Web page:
Re: Some science fiction "firsts"
In the science fiction short story
"Specialist" by Robert Sheckley
, published in 1953 in Galaxy magazine
, it is revealed that many galactic races are actually capable of symbiotic cooperation to become bioships, with each race forming a different part. Earth, apparently, is one of the planets inhabited by creatures that are supposed to function as FTL drives (Pushers), and, it is stated that all the conflicts and discontent of humanity are due to the fact that, while they have matured, they have nowhere to apply their true purpose. This story is perhaps the first mention of a bioship in science fiction.
No; as is so often the case Olaf Stapledon got there first - among the many species he describes in Starmaker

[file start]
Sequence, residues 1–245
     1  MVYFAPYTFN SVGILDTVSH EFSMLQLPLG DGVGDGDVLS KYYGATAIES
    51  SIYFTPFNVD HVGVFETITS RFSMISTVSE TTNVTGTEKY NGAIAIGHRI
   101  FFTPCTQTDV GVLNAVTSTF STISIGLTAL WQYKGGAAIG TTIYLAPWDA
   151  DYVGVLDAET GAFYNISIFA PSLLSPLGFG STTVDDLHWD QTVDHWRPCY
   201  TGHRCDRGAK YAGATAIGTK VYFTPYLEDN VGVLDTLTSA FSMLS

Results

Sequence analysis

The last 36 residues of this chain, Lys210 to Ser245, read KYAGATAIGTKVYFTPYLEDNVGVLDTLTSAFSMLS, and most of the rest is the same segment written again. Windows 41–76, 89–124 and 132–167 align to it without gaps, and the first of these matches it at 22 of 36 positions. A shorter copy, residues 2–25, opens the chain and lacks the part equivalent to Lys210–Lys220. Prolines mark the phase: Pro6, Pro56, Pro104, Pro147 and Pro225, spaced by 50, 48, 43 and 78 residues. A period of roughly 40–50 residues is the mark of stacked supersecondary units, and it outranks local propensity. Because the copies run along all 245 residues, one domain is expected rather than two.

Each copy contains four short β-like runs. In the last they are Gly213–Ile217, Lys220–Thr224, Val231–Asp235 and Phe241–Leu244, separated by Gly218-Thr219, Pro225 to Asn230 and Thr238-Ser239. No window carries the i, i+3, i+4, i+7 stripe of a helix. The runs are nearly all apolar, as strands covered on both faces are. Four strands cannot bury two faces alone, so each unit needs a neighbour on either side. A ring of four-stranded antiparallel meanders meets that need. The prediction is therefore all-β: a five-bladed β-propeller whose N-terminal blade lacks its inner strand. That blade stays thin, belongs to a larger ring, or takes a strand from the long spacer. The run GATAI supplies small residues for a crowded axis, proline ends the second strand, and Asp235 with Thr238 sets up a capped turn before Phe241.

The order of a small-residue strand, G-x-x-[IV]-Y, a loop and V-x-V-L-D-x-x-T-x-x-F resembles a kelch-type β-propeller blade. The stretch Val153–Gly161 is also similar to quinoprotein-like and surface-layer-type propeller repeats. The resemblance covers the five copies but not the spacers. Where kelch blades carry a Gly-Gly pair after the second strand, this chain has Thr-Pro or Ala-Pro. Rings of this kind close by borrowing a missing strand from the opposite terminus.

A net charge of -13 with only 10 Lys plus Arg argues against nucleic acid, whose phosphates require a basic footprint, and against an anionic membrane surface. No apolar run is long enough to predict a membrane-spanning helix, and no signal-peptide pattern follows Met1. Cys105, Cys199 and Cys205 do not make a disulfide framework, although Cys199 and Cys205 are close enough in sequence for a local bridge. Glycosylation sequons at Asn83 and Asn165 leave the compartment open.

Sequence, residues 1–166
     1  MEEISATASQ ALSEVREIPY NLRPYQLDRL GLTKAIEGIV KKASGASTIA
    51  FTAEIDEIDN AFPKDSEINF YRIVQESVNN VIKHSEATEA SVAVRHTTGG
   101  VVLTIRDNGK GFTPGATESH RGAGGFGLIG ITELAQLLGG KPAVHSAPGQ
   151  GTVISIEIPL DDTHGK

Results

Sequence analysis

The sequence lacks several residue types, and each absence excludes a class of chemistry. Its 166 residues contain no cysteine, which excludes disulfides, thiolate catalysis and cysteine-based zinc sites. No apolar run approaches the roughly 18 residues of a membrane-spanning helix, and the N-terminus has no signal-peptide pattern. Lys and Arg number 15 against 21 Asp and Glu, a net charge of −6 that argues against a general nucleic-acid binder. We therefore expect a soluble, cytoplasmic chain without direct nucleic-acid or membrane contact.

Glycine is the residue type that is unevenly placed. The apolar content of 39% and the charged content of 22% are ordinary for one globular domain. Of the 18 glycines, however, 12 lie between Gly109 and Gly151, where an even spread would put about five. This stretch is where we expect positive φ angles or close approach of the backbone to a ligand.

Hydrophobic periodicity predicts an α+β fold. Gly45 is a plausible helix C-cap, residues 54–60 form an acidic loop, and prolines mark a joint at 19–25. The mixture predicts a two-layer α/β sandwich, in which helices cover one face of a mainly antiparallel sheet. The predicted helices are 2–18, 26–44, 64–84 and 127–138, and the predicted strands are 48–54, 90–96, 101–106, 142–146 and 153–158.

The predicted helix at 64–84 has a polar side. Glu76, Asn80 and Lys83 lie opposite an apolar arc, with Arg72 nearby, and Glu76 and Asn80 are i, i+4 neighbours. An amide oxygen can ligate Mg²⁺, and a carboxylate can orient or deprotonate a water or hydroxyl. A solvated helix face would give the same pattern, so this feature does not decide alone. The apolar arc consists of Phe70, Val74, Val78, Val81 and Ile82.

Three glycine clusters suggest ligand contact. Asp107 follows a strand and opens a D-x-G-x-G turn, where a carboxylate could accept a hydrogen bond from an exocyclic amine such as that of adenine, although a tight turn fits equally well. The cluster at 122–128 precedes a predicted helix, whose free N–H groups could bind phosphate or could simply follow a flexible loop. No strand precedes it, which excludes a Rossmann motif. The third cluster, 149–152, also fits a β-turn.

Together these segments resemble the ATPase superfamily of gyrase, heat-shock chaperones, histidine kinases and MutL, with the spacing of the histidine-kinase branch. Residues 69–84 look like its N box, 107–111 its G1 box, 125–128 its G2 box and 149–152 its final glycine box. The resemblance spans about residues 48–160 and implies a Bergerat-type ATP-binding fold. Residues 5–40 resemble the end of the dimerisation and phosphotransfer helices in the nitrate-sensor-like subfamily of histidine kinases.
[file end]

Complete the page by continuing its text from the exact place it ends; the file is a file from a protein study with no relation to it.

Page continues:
(1937) are symbiotes that eventually evolve into a starfaring species with one "partner" as pilot/crew and the other bio-engineered to serve as the spacecraft.
Also virtual reality and worldships. But that's a new one to me. Isn't human imagination wonderful?
Edit: If i recall correctly Freeman Dyson borrowed the concept of a Dyson Sphere from Stapledon and worked it out more scientifically. Should have called it a Stapledon sphere!
It is far better to grasp the universe as it really is than to persist in delusion, however satisfying and reassuring. Carl Sagan